Lively Redesign Case Study

Project Background:

  • Lively is a video dating app that Zoosk launched earlier this year. I worked on designing the v2 of Lively.

My Role and Timeline:

  • I was not the initial designer on v1 of Lively but I worked on v2 as the sole designer. The project timeline was 2 weeks.

Project Goals:

  • Revamp home feed and all experiences to accommodate and emphasize vertical video.

  • Design an experience that doesn't degrade old user videos uploaded in 1:1 aspect ratio.

  • Making navigating between both profiles and individual profile content clear / intuitive for new users.

Project Tags and Software:

UI Design
Interaction Design

Define Project Objectives 

Identify which screens and flows in the current app need to be updated based on project objectives.

  • The main task of the redesign was to accommodate vertical video throughout the app. The previous videos in the app were using an aspect ratio of 1:1. 

  • Lively had launched prior to Snapchat Stories and Instagram Stories but the popularity of both apps is what inspired the Product team at Zoosk to integrate vertical video into the Lively app. Before making changes to the app screens we wanted to design an intentionally great user experience in Lively.

Lively Competitive Research

Researching and understanding the design of popular and similar apps can be a competitive advantage.

One of the first I did when trying to solve the design problems for this project was to look at how other applications similar to Lively solved similar problems.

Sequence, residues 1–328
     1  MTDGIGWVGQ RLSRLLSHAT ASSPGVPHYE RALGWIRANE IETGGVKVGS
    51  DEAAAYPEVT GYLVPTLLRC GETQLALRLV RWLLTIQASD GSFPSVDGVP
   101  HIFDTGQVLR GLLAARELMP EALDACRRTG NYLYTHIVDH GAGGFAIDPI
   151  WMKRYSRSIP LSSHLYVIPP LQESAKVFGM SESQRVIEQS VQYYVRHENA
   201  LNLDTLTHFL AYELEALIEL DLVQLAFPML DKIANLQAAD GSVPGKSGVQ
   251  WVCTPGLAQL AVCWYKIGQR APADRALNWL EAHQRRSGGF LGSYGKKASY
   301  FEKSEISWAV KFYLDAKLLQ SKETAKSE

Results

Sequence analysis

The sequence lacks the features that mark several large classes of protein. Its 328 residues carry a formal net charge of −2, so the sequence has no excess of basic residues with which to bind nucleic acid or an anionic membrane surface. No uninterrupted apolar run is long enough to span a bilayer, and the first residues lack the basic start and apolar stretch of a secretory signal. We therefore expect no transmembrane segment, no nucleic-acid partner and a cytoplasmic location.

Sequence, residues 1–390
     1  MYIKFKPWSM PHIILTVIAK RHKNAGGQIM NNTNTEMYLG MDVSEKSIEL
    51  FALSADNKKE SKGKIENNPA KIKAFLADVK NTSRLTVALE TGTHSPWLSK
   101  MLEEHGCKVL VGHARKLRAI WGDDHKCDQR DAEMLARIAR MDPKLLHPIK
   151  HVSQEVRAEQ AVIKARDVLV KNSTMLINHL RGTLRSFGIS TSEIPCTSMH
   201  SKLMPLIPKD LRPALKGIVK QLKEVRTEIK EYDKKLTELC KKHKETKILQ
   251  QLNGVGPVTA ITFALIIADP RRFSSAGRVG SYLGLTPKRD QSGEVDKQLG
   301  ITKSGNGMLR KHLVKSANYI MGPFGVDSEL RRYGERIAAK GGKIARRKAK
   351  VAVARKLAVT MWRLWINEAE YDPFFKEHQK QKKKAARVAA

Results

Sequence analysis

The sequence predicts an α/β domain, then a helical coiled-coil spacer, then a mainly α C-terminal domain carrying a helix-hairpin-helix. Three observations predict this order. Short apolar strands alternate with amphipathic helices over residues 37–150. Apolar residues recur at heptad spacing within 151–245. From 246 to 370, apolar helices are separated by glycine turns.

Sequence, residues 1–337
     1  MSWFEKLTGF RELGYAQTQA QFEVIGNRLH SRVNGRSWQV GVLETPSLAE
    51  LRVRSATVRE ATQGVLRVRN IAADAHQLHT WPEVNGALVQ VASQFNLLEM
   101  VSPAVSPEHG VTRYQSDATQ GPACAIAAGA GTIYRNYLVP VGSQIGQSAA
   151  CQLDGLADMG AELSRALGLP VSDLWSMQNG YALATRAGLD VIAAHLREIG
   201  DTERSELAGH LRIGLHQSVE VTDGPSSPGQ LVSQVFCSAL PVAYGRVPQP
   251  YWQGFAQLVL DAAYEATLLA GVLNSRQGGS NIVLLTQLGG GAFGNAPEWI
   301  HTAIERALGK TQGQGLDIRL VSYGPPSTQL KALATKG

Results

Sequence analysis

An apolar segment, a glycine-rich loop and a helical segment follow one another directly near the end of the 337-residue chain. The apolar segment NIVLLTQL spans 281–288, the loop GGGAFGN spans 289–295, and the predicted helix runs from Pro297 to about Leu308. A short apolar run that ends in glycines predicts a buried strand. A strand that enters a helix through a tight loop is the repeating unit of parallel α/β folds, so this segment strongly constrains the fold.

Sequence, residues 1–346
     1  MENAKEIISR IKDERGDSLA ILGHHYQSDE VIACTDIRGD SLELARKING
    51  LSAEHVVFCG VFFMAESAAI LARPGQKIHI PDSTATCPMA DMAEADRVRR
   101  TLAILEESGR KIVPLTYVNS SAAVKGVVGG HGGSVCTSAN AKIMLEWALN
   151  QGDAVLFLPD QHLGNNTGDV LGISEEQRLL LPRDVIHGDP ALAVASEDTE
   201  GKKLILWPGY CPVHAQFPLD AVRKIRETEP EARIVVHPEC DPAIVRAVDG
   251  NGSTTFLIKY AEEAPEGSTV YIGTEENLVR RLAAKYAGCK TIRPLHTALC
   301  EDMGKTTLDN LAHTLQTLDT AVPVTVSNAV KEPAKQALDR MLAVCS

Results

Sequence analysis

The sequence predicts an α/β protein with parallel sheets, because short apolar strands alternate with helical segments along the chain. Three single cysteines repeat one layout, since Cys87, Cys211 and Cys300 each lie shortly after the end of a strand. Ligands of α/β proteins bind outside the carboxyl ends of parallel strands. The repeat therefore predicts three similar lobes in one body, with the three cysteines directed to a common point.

I download dozens of apps but some of the apps I tried were Snapchat and Instagram, specifically the Instagram Stories feature. I wanted to understand the design details that went into communicating the concepts of the next picture/video and the next person in Instagram stories and Snapchat stories. 

Instagram Stories Notes:

  • Horizontal bar on the top of the profile "story" that indicate how many "moments" in a story. The bar also animates based on the length of each "moment"

  • Auto scrolling to the next profile "story" after the previous profile "story" is completed.

  • Horizontal scrolling list on top of home feed to indicate how many stories there are to watch

Snapchat Notes:

  •  Circular pie timer to indicate how moments there are in a person's "story"

  •  Recently removed auto playing next profile "story" after the previous profile "story" is completed.
Both apps take a fairly simple approach to indicating the length of a story using subtle but also clear visual indicators. 

Lively Design Iterations

After doing some research I spent some time creating some design iterations of the home screen. 

I wanted to experiment with different layouts that had different approaches to navigating between profiles and content inside each profile.

Some context:
Lively is a video dating app - meaning users can create video profiles made up of stitched photos and video clips. Users can browse the profiles of others who meet their match preferences. They can choose to like a profile or pass on a profile.

Iteration #1:
 This mockup has thumbnails on the left side of the screen to indicate the moments in the current profile being viewed.

Iteration #2:

  •  This mockup is an immersive full screen with a vertical scrollbar that animates based on the which moment in the story is being viewed. The pass button on this mockup is also suppressed.
Iteration #3:
  •  This mockup is somewhat of a combination between the first and second mockup. It is full screen but also has thumbnails on the let side of the screen to indicate the number of moments in the current profile being viewed. The pass button has been removed from this mockup.
Iteration #4:
 The mockup is a carousel type layout where there is a peeking card for the next profile. There are also thumbnails on the left to indicate the moments in the profile story and the pass button has been removed.

After creating these iterations I then moved on to creating prototypes.

Lively Prototypes

I created a prototype in Framer Classic with videos that played and made the prototype feel like a real app.